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Q&A: Effective predictive modeling techniques more than a math problem

In an interview, analytics and data mining consultant John Elder offers advice on managing successful predictive modeling initiatives and a head’s up on common mistakes to avoid.

John Elder, CEO of advanced analytics consultancy Elder Research Inc. in Charlottesville, Va., thinks that building...

predictive models is more of an art than a science. And, he says, many companies stumble on predictive analytics and data mining initiatives because their predictive modeling techniques don’t take that into account. recently conducted an email interview with Elder on predictive modeling. Elder, who is also the co-author of multiple books on analytics and data mining, detailed best practices for mastering the discipline of modeling and suggested tactics for avoiding common missteps. Excerpts from the interview follow:

What’s the No. 1 mistake companies make with predictive modeling?

Elder: The No. 1 mistake is using up all the data for [testing models] instead of setting some aside and not touching it, from the very beginning, so it can be a true evaluation data set. Reality -- the cases you will see on implementation -- will be exceedingly harsh to your model; it’s best to test how well your model will really do by duplicating that experience of absolutely new data while you know the answers. Oddly, though, when I do assessments of group after group and the mistakes they’ve seen, they rank this as the lowest on their list, when it should be the highest. The implication of over-training and “gentle” testing is that you can do much worse in use than you thought you would, which can be very damaging.

You talk about lacking the proper data as being a huge impediment to successful predictive modeling. What are the most common problems or limitations that organizations face regarding the quality or quantity of data in building predictive models?

Elder: Ideally, you’d have plenty of examples of exactly the sort of thing you’re looking for to learn from. You could then build a model to discover what factors predictively separate the good examples from the bad. But often, the most interesting cases -- for example, fraud or other high-cost anomalies -- are exceedingly rare. You have to use something similar or create an inferred risk score from lesser actions and build up a measure of overall risk. You have to work with “found” data rather than “designed” data -- instead of planting the crops you want, you have to make the best salad you can out of the weeds you find. But data mining done right is so powerful that it can still provide very useful prioritization for the best use of that precious resource: Your analysts’ time.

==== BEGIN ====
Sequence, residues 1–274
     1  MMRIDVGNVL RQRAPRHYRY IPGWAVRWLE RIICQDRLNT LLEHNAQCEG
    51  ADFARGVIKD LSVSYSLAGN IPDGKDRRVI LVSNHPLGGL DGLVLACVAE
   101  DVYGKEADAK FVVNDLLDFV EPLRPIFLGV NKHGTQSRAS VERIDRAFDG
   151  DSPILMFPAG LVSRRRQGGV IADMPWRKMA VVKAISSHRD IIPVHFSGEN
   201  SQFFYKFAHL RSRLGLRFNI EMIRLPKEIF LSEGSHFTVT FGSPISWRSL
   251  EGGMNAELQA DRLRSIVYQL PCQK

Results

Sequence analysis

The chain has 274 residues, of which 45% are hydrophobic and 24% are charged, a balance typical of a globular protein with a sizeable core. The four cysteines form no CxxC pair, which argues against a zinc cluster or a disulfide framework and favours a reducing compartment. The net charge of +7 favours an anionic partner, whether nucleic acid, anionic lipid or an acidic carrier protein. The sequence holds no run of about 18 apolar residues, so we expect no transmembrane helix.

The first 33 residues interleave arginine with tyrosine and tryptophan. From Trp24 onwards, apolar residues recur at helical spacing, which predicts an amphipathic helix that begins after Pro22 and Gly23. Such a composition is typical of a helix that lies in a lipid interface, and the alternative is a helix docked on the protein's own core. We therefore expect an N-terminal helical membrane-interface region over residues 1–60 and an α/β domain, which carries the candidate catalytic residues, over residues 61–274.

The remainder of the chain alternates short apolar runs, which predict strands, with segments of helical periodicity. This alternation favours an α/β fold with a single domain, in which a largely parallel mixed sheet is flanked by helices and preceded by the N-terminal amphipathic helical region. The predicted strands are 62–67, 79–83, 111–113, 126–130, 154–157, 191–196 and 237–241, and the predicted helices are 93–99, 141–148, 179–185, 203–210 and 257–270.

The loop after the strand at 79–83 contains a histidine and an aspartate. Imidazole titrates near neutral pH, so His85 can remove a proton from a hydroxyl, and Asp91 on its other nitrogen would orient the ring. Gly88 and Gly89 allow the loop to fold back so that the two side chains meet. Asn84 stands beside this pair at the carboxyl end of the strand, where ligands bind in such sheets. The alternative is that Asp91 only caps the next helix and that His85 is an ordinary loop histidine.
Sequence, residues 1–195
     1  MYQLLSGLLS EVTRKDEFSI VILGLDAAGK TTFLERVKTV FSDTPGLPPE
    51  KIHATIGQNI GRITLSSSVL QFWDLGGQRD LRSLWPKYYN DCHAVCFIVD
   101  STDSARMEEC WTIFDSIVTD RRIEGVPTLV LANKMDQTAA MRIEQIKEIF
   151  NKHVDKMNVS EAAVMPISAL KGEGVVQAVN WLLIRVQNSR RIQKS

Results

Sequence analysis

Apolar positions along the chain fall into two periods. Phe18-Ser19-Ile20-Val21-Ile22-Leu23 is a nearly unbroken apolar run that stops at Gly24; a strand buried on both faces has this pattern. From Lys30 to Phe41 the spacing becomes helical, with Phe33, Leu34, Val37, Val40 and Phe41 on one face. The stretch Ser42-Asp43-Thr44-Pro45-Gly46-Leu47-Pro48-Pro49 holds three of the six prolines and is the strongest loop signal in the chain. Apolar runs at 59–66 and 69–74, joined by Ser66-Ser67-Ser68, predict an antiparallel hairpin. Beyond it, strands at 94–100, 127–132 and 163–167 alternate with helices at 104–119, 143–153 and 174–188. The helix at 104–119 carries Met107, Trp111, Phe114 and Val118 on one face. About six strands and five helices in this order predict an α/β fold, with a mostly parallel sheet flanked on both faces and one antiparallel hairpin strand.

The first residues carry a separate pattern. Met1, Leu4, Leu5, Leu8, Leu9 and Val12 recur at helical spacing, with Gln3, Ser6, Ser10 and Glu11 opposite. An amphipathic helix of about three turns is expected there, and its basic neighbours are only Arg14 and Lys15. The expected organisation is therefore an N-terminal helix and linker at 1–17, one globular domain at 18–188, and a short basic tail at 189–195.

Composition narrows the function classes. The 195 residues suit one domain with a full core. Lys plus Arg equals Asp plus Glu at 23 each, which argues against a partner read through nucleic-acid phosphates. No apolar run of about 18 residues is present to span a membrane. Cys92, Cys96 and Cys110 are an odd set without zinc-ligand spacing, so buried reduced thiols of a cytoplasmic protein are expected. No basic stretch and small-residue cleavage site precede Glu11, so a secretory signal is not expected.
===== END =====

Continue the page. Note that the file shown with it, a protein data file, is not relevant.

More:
Using a broad palette of predictive modeling techniques is something you recommend. Why is that important?

Elder: You’ve heard, “To a little boy with a hammer, all the world’s a nail.” The technique shouldn’t be fixed ahead of time but should be the best response to the business need.

You also advocate “listening” to more than just the data. What do you mean by that?

Elder: The great promise of inductive modeling is learning from the data things you may not have thought of before. But also remember that the data is all that the modeling program sees of the world. If the data has a hidden bias or constraint, the machine will think that everything does. A great example is an artificial intelligence program that chugged overnight on a database being entered from the Encyclopaedia Britannica. It was looking for any hidden links or patterns that weren’t obvious from this great summary of common-sense or background knowledge. The result was, essentially, “Hey, everyone born before 1900 was famous!”

What are outliers and why are they so important to the overall quality of predictive models and the analytical outcome?

The most accurate models are ensembles: building multiple, competing models and combining their estimates gets the best results.

Elder: Outliers are points that are separated from the herd. They are most often mistakes but can themselves be findings. Either way, they can mess up the patterns of the rest of the data by dominating the conversation. They need to be identified, then dealt with individually. Often, the biggest breakthrough in data mining comes from the unglamorous steps of data cleansing, verification and transformation and less from running the fancy algorithms.

You say not to read too much into models -- that it can do more harm than good. Can you elaborate on what you mean by that and how to work around it?

Elder: Models can be useful without being explanatory -- and without being easy to interpret. Interpretability is nice but is a weak protection against building a bad model. Our natural impulse is to come up with a story about why the model liked certain variables, rather than to try to break the model we just spent a long time building. But many useful sources of information are usually spread throughout several variables. For example, information about account quality or behavioral risk or reliability often shows up in many correlated ways, so the exact variables the model chooses aren’t as important as they look. And the most accurate models are ensembles: building multiple, competing models and combining their estimates gets the best results.

If “easy to interpret” is made a high goal of the model, then you’ll be throwing away accuracy -- and that is what’s most important, in my opinion.

Beth Stackpole is a freelance writer who has been covering the intersection of technology and business for 25-plus years for a variety of trade and business publications and websites.

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